Public figures and ordinary Russians have appealed to President Vladimir Putin to expedite housing promised to 1,500 elderly people whose parents were deported to the gulags under Stalin’s repressions.
“They still can’t come back,” 107 prominent artists, academics and executives said in an open letter published in the Kommersant newspaper.
Nearly 83,000 people signed a Change.org petition in support of the pensioners, demanding priority housing and an end to queues that could last up to 30 years.
“By the time their turn comes, they will be more than 100 years old,” the petition reads, referring to the so-called “Children of the Gulag.”
“In 10-15 years there will be no one to return.”
The Children of the Gulag continue to live outside the cities they were, or should have been born in, despite having been eligible for state housing in them since the Soviet Union collapsed in 1991. Russia’s Constitutional Court ruled in 2019 to grant them the promised state housing without delay.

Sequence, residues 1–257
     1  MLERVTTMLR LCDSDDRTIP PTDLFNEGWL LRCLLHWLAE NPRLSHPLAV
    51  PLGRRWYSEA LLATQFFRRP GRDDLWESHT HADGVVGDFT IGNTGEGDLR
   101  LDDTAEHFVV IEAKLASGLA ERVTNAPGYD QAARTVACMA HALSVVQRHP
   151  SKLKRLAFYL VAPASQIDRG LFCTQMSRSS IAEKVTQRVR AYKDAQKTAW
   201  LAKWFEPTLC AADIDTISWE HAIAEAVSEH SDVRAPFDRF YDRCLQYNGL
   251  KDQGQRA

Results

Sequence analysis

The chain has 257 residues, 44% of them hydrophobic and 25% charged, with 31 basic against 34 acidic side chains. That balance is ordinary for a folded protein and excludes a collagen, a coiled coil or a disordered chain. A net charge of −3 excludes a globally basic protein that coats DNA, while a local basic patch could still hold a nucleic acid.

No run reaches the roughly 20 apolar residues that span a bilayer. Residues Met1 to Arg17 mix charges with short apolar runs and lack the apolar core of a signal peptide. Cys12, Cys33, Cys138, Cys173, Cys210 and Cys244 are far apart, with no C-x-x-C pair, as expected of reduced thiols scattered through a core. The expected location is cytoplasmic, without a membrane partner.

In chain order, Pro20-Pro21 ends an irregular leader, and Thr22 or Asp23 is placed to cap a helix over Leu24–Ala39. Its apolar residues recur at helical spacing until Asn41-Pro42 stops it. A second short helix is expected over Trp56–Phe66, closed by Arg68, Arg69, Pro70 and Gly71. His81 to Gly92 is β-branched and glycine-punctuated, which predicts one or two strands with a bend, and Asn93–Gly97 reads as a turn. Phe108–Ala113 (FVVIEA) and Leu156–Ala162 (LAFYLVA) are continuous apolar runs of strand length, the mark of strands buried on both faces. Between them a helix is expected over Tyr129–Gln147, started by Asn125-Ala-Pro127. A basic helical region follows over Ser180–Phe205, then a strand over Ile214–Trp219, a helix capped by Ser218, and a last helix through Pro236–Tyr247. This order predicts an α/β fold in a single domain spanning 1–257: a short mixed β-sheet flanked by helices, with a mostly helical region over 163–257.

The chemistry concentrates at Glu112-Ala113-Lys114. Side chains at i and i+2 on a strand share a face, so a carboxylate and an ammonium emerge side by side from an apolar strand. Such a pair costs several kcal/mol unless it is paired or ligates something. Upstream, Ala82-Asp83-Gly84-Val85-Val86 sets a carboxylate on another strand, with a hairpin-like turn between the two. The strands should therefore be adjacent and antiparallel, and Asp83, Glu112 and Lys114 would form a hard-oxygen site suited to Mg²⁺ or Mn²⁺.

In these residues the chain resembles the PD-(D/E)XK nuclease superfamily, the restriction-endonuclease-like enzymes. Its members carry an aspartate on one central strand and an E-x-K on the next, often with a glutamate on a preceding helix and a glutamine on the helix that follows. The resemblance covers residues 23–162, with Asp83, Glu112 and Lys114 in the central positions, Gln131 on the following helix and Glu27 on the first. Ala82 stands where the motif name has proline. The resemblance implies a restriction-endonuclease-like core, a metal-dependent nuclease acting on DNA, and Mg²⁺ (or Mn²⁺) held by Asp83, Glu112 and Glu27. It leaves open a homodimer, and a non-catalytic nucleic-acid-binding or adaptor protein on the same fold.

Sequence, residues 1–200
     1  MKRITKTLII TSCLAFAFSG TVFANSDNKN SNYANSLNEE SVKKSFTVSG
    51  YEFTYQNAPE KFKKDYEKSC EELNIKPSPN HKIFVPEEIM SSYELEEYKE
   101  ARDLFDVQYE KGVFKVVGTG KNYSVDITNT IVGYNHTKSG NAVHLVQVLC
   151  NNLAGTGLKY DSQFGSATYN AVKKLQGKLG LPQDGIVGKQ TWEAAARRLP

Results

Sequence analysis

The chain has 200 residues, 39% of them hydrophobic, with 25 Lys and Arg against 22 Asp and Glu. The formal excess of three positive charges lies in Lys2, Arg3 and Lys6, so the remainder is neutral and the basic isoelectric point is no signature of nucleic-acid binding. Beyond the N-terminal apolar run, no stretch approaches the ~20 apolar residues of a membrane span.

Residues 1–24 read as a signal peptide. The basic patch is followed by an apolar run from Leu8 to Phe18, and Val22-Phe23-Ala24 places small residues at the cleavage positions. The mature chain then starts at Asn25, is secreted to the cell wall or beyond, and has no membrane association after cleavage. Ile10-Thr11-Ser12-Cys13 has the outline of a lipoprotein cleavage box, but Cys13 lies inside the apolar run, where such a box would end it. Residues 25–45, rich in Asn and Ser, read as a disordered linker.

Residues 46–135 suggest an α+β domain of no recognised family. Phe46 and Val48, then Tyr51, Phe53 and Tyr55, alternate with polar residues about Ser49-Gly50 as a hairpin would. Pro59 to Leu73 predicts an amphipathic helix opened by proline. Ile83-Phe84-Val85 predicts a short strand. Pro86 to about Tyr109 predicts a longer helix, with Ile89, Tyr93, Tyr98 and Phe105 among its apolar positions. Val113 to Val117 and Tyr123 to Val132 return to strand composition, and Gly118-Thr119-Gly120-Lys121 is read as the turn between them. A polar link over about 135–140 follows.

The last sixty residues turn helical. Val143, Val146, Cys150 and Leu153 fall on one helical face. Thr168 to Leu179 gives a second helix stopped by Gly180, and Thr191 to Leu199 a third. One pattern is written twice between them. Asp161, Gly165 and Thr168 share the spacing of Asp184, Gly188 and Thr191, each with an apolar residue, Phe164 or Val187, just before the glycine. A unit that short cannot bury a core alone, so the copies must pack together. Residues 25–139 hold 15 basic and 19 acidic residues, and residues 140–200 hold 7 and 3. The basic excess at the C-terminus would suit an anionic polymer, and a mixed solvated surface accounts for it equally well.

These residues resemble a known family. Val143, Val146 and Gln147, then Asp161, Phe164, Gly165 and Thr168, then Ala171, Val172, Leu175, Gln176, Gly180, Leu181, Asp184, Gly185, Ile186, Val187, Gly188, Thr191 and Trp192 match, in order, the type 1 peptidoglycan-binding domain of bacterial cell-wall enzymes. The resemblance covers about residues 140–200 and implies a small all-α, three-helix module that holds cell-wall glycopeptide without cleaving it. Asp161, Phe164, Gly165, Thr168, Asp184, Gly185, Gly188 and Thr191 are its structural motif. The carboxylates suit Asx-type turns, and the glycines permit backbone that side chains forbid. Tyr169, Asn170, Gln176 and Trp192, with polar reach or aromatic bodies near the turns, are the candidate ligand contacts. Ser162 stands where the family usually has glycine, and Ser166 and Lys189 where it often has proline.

The signatories of the open letter and the petition criticized the Russian government’s draft legislation designed to carry out the Constitutional Court ruling for failing to remove red tape.
Lawmakers rejected an alternative bill subsidizing housing for the Children of the Gulag. But according to the opposition-leaning Dozhd broadcaster, they incorporated the rejected bill’s provisions into the government’s version in mid-December.
Stalin’s image has been over the years rehabilitated from that of a bloody dictator to an “outstanding leader” who defeated the Nazis in World War II. Polls show a record number of Russians approving of his role in history and young people unaware of his repressions.
Putin, who revived the Soviet-style anthem and military parades, has called attempts to demonize Stalin a ploy to attack Russia.